The recipes cover a wide range of data types and sources. These should help users who are looking to import their specific data type. Recipes also reference other systems which can work well with PostGIS, such as Quantum GIS and GRASS. These references barely scratch the surface of what these systems can do, but they may be enough to inform the reader who can then go and research them further.
Chapter topics are:
- Moving Data In and Out of PostGIS: CSV, GDAL, shapefiles, OSM, rasters
- Structures: Geospatial views, triggers, inheritance, normaization, proportional polygon estimates
- Vectors - Basic: GPS data, fixing geometries, simplifications, distances, intersections, clipping, etc
- Vectors - Advanced: Efficient proximity filtering, rotations, translations, scaling, Voronoi polygons
- Rasters: Map algebra, geometetry conversion, warping & resampling, Digital Elevation Models (DEM), Visualising
- pgRouting: Loading data, Dijkstra, A*, service areas, polygon centerlines
- Nth dimension: 3d objects, LIDAR, X3D, UAV photogrammetry
- PostGIS Programming: Psycopg (Python Postgres library), OGR Python bindings, PL/Python, Geocoding (GeoNames, OSM, geopy, PL/Python), netCDF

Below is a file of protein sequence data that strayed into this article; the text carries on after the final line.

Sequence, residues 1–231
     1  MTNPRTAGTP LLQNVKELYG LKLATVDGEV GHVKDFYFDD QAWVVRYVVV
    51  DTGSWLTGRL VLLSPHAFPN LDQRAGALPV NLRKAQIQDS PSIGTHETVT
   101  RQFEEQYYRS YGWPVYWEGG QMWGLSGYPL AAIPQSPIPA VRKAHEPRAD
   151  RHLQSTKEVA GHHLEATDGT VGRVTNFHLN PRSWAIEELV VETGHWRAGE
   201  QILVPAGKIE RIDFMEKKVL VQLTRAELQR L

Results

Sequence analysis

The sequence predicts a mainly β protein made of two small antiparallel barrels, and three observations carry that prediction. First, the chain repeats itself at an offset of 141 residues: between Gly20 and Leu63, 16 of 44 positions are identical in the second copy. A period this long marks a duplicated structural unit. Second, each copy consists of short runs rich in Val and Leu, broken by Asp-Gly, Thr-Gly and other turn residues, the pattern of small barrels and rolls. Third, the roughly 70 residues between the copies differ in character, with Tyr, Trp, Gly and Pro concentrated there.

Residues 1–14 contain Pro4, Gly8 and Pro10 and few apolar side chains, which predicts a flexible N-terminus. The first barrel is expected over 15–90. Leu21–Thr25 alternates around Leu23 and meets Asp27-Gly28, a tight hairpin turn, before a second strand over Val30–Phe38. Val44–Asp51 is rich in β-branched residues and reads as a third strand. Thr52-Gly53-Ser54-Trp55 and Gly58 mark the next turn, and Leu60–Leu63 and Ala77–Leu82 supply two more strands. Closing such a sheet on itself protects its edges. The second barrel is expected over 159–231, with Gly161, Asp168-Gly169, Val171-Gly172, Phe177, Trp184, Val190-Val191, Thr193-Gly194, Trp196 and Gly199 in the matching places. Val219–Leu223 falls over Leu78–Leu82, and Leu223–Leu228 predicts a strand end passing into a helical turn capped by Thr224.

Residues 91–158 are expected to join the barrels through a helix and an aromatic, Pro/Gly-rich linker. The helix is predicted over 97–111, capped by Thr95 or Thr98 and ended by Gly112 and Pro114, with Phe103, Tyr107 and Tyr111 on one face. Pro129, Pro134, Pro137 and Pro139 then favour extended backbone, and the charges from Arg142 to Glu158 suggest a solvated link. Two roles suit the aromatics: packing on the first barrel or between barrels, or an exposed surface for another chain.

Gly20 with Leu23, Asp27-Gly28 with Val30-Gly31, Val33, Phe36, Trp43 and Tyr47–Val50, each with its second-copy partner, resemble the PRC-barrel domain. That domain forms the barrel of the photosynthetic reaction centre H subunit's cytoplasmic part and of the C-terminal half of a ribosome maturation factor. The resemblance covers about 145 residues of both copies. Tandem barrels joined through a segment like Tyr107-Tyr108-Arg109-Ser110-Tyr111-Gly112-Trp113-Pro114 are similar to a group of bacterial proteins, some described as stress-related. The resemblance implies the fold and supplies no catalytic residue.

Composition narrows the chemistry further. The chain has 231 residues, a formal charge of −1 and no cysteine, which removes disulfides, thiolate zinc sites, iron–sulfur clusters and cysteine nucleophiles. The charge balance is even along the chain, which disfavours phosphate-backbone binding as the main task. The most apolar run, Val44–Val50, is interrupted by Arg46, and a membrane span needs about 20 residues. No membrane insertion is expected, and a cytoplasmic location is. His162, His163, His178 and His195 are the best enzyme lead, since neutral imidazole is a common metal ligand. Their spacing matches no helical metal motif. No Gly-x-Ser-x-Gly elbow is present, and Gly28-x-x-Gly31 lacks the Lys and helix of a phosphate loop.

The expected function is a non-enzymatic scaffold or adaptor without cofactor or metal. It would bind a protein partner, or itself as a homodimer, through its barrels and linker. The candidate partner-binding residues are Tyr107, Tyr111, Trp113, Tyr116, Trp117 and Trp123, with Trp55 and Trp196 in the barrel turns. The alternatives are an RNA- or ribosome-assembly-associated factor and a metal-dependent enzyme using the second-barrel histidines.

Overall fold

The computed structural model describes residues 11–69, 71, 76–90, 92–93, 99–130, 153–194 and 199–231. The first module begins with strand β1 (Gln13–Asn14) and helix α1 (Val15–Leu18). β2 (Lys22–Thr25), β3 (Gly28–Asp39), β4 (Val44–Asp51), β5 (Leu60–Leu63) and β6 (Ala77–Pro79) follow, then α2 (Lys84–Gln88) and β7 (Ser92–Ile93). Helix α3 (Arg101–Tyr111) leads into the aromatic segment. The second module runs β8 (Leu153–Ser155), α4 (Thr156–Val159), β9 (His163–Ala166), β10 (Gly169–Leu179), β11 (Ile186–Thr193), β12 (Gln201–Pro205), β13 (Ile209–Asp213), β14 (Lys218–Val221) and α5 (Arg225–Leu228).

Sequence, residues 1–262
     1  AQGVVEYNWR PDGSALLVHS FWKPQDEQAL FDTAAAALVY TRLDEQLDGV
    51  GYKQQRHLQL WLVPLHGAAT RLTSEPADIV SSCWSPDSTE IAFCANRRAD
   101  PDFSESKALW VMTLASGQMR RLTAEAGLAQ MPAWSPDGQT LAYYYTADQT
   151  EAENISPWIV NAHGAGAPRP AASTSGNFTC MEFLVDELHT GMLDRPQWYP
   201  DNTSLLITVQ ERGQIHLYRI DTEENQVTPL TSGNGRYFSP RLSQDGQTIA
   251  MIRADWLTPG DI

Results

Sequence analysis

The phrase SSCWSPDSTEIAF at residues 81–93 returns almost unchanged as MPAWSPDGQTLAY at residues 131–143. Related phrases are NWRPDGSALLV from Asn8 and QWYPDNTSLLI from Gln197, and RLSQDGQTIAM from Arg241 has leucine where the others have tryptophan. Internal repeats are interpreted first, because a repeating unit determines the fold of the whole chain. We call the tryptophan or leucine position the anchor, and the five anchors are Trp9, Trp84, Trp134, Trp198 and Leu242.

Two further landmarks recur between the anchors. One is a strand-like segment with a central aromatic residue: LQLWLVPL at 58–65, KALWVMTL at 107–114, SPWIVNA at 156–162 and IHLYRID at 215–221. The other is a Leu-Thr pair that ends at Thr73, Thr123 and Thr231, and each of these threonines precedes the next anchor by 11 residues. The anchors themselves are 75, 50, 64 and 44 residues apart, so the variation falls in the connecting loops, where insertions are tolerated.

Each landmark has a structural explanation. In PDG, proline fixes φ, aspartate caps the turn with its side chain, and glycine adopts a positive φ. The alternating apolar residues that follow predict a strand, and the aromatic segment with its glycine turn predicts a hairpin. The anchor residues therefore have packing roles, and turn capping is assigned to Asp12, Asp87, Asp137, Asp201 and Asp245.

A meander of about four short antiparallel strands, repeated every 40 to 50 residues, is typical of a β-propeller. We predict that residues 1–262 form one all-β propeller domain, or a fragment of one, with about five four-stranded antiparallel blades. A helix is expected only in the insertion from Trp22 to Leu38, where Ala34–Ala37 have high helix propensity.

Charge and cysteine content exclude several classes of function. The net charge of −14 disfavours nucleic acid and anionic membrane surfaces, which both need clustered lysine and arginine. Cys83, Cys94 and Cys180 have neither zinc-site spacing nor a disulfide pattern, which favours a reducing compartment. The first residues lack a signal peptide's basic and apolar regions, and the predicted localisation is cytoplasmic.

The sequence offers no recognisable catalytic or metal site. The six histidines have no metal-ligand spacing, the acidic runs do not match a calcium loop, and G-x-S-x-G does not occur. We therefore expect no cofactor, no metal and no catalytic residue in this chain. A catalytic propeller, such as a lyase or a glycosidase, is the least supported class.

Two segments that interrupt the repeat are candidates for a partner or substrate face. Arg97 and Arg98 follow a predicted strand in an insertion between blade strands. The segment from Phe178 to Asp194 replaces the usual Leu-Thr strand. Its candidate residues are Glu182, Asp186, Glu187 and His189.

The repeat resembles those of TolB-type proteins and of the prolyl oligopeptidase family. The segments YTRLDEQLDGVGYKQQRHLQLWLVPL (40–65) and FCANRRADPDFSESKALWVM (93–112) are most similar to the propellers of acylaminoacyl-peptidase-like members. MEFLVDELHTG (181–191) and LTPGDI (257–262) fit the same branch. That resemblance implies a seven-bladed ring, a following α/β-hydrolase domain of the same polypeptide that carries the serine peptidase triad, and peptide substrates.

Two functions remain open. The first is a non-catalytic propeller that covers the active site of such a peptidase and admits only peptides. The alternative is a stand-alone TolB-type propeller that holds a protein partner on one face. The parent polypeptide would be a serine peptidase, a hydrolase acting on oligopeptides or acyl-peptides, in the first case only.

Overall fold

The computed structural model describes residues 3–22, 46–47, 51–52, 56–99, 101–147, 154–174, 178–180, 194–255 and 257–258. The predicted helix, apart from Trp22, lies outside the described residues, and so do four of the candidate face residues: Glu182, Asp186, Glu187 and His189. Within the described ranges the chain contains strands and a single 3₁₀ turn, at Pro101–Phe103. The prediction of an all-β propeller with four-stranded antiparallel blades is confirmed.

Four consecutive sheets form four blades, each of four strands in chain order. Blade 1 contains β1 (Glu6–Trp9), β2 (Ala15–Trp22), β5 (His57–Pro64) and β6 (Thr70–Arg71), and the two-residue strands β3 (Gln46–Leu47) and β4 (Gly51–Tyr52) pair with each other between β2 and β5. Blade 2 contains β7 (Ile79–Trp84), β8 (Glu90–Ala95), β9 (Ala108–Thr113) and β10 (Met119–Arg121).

- PostGIS and the web: UMN MapServer, GeoServer, OpenLayers, Leaflet, GeoDjango
- Maintenance, Optimization, and Performance Tuning: Backups, indexes, clustering, SQL optimization, migration
- Desktop Clients: Quantum GIS, OpenJUMP, gvSIG, uDig.
I know the pgRouting chapter would have been useful if I had had it a couple of years ago when using PostGIS to
batch calculate route distances.
Summarizing, this book is recommended for PostGIS practitioners. PostGIS novices will find it demonstrates a
sophisticated set of functionality, but they will also need a PostGIS tutorial and/or reference.
Because of this issue, I'm giving this book a three star review. However, I might update this if this issue is clarified. As I mentioned, I like the book so far and would really like to work through some of the exercises with the sample data. I don't understand why these resources are so difficult to find, given that this book is centered around the exercises.